First Symptoms of Pregnancy: Hormones and First Hormonal Changes

A woman may experience various symptoms in early pregnancy or the first weeks, usually around six weeks.

During conception and early pregnancy, some of the following symptoms may be included:

  • Light bleeding
  • Changes in blood flow.
  • Changes in the nipple.
  • Go to the bathroom more often.
  • Swelling, cramps, and back pain.
  • Nausea of ​​pregnancy.
  • Increase in saliva
  • Dizziness and fainting.
  • Tiredness and exhaustion.
  • Headaches.
  • Constipation and winds.
  • Changes in libido in early pregnancy.

During most conception and pregnancy, research shows that babies are conceived around two weeks before their next period; the concept begins two weeks after their last average period. Vision is usually performed when the sperm fertilizes the ovum in the fallopian tube, and it takes another six days for the newly fertilized egg to reach the uterus.

It may take another six days for the fertilized egg – or the newly conceived baby – to fully implement the uterus lining and interact with the woman’s body. Once the baby is implanted fully into the uterus, a hormone called the human gonadotropin hormone is released, it is released into the bloodstream.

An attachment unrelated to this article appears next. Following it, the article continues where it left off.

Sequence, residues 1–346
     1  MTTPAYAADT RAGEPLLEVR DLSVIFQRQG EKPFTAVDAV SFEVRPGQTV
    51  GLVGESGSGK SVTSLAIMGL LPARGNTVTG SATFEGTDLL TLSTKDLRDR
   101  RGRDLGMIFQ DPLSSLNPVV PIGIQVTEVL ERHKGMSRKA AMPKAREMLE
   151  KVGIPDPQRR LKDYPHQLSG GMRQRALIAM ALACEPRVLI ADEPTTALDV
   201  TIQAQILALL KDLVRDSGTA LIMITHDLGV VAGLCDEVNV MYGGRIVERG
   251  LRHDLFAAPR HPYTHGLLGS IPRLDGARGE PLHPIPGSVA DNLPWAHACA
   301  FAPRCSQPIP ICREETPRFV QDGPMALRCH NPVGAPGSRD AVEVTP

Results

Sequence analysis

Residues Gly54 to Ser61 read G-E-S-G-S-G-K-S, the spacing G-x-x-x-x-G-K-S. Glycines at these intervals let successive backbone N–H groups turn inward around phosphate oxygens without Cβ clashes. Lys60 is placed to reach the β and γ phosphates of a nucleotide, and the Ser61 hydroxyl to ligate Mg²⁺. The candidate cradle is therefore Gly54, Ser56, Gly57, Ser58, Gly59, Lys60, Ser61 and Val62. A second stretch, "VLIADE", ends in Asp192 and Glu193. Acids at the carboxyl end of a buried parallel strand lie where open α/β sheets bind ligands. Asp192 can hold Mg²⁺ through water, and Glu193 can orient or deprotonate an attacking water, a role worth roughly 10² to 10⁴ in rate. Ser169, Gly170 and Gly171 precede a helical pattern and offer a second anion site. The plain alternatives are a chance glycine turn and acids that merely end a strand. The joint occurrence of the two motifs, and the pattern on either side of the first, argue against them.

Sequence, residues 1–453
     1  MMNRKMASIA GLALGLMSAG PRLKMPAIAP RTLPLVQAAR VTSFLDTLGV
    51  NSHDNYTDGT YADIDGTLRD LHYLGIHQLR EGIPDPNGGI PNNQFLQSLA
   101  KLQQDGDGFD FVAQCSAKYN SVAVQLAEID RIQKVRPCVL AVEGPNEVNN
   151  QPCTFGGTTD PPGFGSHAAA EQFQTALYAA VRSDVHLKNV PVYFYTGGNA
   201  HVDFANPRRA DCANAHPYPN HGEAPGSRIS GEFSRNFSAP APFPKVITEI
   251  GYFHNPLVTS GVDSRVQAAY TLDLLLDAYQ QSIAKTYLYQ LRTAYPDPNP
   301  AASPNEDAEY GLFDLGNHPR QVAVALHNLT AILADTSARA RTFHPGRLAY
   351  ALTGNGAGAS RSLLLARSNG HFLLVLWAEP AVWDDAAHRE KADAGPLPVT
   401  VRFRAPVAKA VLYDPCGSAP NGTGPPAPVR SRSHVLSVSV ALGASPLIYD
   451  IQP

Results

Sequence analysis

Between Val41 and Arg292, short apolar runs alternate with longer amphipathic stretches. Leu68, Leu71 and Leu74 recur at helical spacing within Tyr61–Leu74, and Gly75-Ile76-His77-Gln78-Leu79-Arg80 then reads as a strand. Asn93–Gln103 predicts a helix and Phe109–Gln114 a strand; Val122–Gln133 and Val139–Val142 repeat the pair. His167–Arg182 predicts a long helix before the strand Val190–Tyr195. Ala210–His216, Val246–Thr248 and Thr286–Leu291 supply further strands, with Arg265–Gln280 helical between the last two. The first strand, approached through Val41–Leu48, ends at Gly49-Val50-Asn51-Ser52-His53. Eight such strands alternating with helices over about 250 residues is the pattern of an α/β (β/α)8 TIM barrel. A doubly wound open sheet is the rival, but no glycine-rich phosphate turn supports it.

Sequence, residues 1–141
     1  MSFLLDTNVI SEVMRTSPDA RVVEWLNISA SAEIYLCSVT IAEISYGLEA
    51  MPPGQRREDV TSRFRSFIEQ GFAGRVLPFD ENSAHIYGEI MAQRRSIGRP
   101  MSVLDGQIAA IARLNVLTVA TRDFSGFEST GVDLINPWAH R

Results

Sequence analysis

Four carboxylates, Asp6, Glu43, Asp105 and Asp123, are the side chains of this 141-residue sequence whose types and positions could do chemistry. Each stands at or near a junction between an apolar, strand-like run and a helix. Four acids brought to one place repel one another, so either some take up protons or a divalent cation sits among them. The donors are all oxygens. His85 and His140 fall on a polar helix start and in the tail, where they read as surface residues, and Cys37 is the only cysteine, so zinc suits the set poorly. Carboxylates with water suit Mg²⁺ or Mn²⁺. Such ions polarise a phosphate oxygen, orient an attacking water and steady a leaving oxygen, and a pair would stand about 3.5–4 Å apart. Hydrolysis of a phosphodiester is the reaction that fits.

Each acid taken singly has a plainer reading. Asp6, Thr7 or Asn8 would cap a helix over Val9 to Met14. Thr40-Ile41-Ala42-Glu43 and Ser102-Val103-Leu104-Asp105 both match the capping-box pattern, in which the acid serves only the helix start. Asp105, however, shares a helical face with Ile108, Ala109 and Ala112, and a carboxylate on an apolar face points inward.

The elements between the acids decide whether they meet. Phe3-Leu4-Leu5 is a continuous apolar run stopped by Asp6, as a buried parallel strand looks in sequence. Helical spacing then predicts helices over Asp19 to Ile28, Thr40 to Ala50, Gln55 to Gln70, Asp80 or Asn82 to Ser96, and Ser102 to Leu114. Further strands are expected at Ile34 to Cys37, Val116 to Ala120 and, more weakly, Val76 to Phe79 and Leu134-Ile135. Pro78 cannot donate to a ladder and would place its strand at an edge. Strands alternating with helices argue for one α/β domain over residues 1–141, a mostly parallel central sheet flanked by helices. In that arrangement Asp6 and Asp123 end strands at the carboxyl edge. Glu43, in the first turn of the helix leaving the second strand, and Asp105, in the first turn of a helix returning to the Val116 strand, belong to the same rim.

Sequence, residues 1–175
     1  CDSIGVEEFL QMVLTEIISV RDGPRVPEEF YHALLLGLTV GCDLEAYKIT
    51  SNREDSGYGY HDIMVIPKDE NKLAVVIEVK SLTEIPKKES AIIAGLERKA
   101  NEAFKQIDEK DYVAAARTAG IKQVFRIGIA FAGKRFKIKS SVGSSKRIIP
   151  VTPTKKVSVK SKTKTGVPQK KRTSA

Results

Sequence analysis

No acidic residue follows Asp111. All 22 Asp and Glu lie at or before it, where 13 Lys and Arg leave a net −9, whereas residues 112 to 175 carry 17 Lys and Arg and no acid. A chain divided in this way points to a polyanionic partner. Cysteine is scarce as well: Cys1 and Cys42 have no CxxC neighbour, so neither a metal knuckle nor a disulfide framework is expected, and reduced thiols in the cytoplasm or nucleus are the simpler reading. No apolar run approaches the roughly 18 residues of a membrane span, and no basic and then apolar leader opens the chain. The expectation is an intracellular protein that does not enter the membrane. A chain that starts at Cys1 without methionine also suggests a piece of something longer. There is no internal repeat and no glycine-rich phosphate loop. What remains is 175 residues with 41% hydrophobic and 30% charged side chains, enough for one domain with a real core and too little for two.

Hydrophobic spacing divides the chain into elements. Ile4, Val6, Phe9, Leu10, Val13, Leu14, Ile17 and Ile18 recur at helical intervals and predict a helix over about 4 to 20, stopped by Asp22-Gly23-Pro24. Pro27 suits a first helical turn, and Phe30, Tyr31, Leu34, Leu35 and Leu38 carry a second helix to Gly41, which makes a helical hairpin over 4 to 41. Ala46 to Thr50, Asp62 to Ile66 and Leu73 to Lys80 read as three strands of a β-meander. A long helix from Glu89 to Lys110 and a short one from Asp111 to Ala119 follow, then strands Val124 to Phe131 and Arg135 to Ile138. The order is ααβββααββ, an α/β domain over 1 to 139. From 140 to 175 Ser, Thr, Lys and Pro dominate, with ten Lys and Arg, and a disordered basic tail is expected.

Hormones and pregnancy symptoms

Hormone levels also provide the basis for detecting a pregnancy with a traditional test. The early signs of pregnancy do not become evident until 12 to 14 days after fertilization.

Pregnant women with twins or triplets may notice their signs of pregnancy easier because they are more intense. Other hormones increase during pregnancy, such as progesterone and some estrogen, contributing to many of the first physical signs of pregnancy.

The first hormonal changes in pregnancy

Progesterone is a female hormone composed mainly of the corpus luteum in the ovary and the placenta.


The progesterone prepares the lining (endometrium) of the uterus (womb) to receive and hold the fertilized egg, vital for a successful pregnancy. It also rises before menstruation, so premenstrual symptoms can be mistaken for early signs of pregnancy. The pregnancy symptoms are not a guaranteed sign that a woman is pregnant. Remember, every woman and pregnancy is different, so there is no need to panic if you do not have all the pregnancy symptoms.

Only a pregnancy test performed around six weeks of gestation can confirm a pregnancy correctly. Many of the early pregnancy symptoms will be similar to those experienced before menstruation (abdominal distension, fatigue, and breast tenderness), so it can be challenging to know if it is another menstrual period or the arrival of motherhood.